Tuesday, December 9, 2014
Ginger is a spicy root that is small but mighty — not just in size but in both flavor and health benefits.
The pungent cut of its distinct flavor adds kick to everything from candy to stir-fry to, of course, gingerbread. Moreover, it contains powerful anti-inflammatory compounds that can relieve digestion issues and nausea.
I love ginger everything. I used to go to sushi restaurants just for the ginger salad dressing, before I was brave enough to try raw fish. (How ridiculously unfortunate those lost opportunities were). I use it in smoothies, stir-fry, soups and even some desserts.
I love ginger ale and ginger beer (the spicier the better) and ginger snap cookies. Seriously, people, this is a strong affinity we are talking about.
To kick off December, I wanted a festive recipe; something that would incorporate my precious fresh ginger into my holiday merry-making, so I decided on a cocktail.
This is a riff on a signature drink I made for a New Year’s Eve party years ago, but I think I might have improved upon the original.
I started with ginger-infused vodka. Infused vodka, as fancy as it sounds, is not fancy at all. Basically, you put some vodka in a jar and toss in some flavoring. Then comes the tricky part: wait.
3 cups vodka
1 piece of fresh ginger about the size of your palm
Slice the ginger into rounds. Don’t bother peeling it. Toss it in the vodka, screw on the lid, wait a week.
When it’s properly steeped you can make all manner of cocktails with it. Here is my favorite:
Ginger Vodka Sparkler
2 jiggers ginger-infused vodka
3 ounces ginger beer
1 1/2 ounce cranberry juice
Squeeze of fresh lemon juice
Twist of lemon peel
Handful of fresh cranberries for garnish
Pour over ice, stir, garnish and serve.
Makes one “tall” drink.
Ginger is pretty prevalent in my life these days for something I didn’t realize I could buy at the store until I was out of college.
I’ll throw a thumb-size piece into my juicer or blender to give a green drink a kick. I’ll make chai tea out of it. It goes in nearly every stir-fry I make, and it’s a regular in many of my baking recipes. I’ve also been known to buy the candied version and have it with me during the marathons and ultramarathons I run because even it can calm a race-weary stomach.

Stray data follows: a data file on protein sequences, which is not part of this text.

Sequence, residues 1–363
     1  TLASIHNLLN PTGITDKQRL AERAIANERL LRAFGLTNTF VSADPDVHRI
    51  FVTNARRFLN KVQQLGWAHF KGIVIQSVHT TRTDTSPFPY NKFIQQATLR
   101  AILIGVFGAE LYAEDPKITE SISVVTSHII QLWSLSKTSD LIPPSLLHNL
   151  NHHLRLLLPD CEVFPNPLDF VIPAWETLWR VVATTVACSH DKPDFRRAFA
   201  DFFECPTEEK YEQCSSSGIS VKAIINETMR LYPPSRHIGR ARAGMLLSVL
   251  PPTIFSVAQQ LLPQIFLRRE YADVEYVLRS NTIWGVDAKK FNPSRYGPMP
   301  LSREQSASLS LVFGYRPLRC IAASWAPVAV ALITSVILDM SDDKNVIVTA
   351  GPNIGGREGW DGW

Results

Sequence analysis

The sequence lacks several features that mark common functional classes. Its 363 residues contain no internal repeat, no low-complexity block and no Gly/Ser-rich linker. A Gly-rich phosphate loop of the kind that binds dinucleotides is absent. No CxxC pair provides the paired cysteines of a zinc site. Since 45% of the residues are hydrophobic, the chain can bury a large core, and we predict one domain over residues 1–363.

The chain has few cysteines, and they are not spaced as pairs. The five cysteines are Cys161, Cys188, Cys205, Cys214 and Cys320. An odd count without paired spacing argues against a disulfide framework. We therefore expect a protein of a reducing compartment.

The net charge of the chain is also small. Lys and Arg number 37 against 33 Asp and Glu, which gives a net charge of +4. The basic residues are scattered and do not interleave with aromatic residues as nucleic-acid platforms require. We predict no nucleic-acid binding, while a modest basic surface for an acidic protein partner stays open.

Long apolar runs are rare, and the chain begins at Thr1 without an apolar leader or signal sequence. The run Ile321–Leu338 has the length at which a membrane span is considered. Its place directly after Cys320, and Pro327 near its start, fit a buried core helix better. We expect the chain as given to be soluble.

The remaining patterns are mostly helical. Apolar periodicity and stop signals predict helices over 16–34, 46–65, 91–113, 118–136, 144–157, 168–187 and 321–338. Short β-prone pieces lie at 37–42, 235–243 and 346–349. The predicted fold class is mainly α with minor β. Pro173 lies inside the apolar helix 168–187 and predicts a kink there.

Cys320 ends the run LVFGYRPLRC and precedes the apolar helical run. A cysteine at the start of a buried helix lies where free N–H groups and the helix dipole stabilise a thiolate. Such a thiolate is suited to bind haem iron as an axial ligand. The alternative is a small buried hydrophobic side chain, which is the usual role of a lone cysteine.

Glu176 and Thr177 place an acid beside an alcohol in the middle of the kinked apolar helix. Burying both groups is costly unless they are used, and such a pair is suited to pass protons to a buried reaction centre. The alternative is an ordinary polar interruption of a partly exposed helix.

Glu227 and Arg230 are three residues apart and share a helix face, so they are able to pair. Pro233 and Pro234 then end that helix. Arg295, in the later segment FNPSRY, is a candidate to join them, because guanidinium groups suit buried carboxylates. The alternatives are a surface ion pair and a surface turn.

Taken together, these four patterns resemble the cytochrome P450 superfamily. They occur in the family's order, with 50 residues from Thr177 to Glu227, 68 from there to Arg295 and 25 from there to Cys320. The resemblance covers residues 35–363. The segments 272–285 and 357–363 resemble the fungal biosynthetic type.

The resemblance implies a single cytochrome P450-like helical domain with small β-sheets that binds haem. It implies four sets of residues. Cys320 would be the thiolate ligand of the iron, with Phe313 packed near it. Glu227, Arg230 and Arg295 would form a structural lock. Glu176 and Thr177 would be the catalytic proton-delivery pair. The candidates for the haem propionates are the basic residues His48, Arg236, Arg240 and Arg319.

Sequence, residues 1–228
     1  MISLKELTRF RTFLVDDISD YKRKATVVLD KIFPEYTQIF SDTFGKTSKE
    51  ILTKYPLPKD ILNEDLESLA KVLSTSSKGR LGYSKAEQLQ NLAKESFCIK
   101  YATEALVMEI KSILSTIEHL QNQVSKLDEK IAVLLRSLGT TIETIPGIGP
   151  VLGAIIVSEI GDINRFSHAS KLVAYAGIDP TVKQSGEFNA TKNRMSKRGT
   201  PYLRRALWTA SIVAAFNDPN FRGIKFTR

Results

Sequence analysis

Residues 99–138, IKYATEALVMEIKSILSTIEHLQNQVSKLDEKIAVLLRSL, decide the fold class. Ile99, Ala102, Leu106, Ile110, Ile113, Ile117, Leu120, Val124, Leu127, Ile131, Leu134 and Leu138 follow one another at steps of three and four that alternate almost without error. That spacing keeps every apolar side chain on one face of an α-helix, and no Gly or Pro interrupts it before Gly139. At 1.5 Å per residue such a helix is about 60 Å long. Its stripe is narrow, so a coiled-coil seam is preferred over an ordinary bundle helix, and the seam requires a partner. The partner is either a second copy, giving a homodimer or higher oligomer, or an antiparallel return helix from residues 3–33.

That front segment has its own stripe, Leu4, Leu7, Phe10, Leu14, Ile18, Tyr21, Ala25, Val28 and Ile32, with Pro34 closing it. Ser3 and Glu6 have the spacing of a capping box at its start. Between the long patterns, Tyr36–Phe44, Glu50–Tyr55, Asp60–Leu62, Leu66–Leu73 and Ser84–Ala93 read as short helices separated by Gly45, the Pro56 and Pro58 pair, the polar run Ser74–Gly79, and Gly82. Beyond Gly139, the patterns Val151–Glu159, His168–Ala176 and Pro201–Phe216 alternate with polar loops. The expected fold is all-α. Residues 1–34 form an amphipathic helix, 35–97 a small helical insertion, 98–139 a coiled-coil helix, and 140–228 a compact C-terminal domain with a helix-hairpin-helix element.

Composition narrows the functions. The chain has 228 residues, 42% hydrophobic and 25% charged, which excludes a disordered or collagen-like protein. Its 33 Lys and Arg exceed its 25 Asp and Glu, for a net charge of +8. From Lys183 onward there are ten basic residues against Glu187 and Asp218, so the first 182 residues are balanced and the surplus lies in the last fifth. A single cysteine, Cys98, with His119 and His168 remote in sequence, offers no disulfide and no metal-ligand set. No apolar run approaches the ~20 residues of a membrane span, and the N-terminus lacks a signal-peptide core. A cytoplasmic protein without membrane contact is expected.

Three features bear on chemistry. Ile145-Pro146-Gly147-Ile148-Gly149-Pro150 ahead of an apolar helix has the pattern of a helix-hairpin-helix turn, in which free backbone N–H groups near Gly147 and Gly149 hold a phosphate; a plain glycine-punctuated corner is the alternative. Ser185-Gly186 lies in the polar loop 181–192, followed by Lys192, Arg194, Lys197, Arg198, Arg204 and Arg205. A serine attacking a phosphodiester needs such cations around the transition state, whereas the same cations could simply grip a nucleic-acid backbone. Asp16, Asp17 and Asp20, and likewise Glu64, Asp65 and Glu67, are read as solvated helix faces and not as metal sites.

My husband and son love it too (the baby, of course, has no opinion just yet). My son will devour ginger cookies and my husband has been known to throw in way more than is necessary in a stir-fry just because he loves the combination of ginger and garlic so much (smart man).
Ginger has a host of documented health benefits and has been used for centuries to treat nausea, an upset stomach and pain. And these days, it’s so prized for its anti-inflammatory properties that you can buy it in pill form.
And while pills are great, they, by definition, skimp on the wonderful spicy taste of ginger.
This soup, though, doesn’t miss a delicious, nutritious beat. The ginger mingles with garlic (another anti-inflammation star) and curry powder to liven up sweet carrots and hearty lentils. The final meal is warm, comforting and full of vitamin A, protein, good fat, and, of course, ginger’s great benefits.
Carrot-Ginger Lentil Soup
3 tablespoons coconut oil, divided
2 red onions, chopped
1 cup dry red lentils
4 cups water
3 large carrots, peeled and roughly chopped
1 14-ounce can coconut milk
1 teaspoon salt
3 cloves garlic, minced
1.5-inch piece fresh ginger, minced
1 tablespoon curry powder
In medium saucepan, heat 2 tablespoons coconut oil over medium heat. Add onions and cook, stirring often, until onions start to brown, about 10 minutes.
Add 4 cups water, lentils, carrots, coconut milk and salt. Cover, and bring to a boil. Reduce heat and simmer, partially covered, until lentils are tender, about 15 minutes.
Meanwhile, in small skillet, heat remaining 1 tablespoon coconut oil over medium heat. Add garlic, ginger and curry powder. Cook, stirring often, until fragrant, about 2 minutes. Add to saucepan.
Using a stick blender, blend soup until smooth. (You can also let it cool and use a regular blender.) Taste, and add a bit more salt if desired.